Cameron Puts Bank, Labor-Law Overhauls at Top of Program
U.K. Prime Minister David Cameron put overhauls of the banking system, employment law, the electricity market and pensions at the heart of his legislative program for the coming year.
Queen Elizabeth II, Britain’s head of state, read out to Parliament in London today a speech listing 31 proposals that the Conservative-led coalition government will seek to make law. Cameron may face the greatest opposition from lawmakers over proposals to overhaul the House of Lords, the upper chamber of Parliament, and to give more powers to the security services to monitor electronic communications.
“My government’s legislative program will focus on economic growth, justice and constitutional reform,” the 86-year-old monarch told members of both chambers of the legislature. “My ministers’ first priority will be to reduce the deficit and restore economic stability.”
Cameron is looking to shift attention away from his worst electoral setback since taking office two years ago. His Conservative Party and their Liberal Democrat partners lost hundreds of seats to the Labour opposition in municipal polls on May 4, triggering renewed tensions in the coalition.
“We have already made some tough choices and we will continue to make sure we keep spending down so, unlike others in Europe, families can benefit from low interest rates and Britain is protected from the global storm,” Cameron and his Liberal Democrat deputy, Nick Clegg, said in a statement.
The Treasury plans to implement in full recommendations of the Independent Commission on Banking by 2015, a spokesman for the department headed by Chancellor of the Exchequer George Osborne said before the monarch outlined the government program.
The solution proposed last year by the panel led by former Bank of England Chief Economist John Vickers is for banks to build firewalls between their consumer and investment operations and boost the amount of loss-absorbing equity and debt they hold to between 17 percent and 20 percent. Osborne intends the legislation to take effect no later than 2019.
The queen outlined proposals to let employment tribunals have judges rule on dismissals without lay magistrates, in order to speed up cases. The same bill will have the scope to introduce rules to limit the pay of senior executives, though no specific measures were included today.
Other aspects to the bill include the creation of the Green Investment Bank to channel money to clean energy projects and cutting government inspections of businesses.
The Energy Bill aims to overhaul Britain’s electricity market to spur the 110 billion-pound ($175 billion) investment the government says is needed to create new, low-carbon energy. Proposals include the creation of a price support for such energy, measures to prevent the construction of the most polluting coal-fired plants and the creation of a nuclear-energy regulator.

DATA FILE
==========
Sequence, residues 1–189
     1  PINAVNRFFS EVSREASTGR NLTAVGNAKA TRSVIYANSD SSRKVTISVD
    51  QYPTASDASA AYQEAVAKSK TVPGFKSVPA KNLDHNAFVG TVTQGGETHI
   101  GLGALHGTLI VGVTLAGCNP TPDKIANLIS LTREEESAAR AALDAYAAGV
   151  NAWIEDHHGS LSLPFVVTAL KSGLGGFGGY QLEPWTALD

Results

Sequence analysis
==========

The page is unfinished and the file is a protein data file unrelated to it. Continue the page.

The Pensions Bill will introduce a single-tier pension to complement the basic, means-tested pension and increase the retirement age to 67 from 65 by 2028. A separate bill for public-sector pensions will make those workers save more for retirement and align the pension age with the private sector.
Reform of the House of Lords, currently unelected, was among the main proposals. The push for an elected upper chamber, a key objective for the Liberal Democrats, is opposed by many Conservatives who say it should not be a priority at a time of economic crisis.
The premier and his deputy said the introduction of directly elected peers would make Parliament more representative and get peers to “answer to the people.”
‘Smidgen of Democracy’
Clegg said yesterday he saw no reason why the government should not pursue the measure alongside other objectives such as helping the low paid.
“A smidgen of democracy I don’t think will go amiss, since we’ve been talking about it for about 100 years,” Clegg said.
The Draft Communications Data Bill may also antagonize civil-liberties groups and Liberal lawmakers in the coalition who may oppose Cameron’s plans to give security forces powers to collect and store data from social media and other new forms of communications.
The pageantry of the Queen’s Speech began at 10 a.m., when the Yeomen of the Guard, the Royal bodyguards known as “Beefeaters,” searched the cellars of Parliament. The tradition dates back to 1605, when Guy Fawkes attempted to blow up the building and King James I with it.
The queen then traveled by horse-drawn coach from Buckingham Palace to the Houses of Parliament, escorted by the Household Cavalry. As she arrived, the Union Flag of the U.K. was lowered and her Royal Standard raised over Parliament.
The official who has the title Yeoman Usher of the Black Rod marched to the House of Commons, the lower, elected, chamber. His job was to summon lawmakers to hear the queen, who was waiting in the House of Lords. The door of the Commons was slammed in his face.
This ritual symbolizes the independence of the Commons from the Crown: no British monarch has entered the lower house since 1642, when King Charles I tried to arrest five members in the run-up to a civil war that ended with his execution in 1649.
After “Black Rod” knocked on the door of the Commons, lawmakers processed to the House of Lords. Seated on a gilded throne next to her husband, the Duke of Edinburgh, Queen Elizabeth read the speech from a goatskin parchment.
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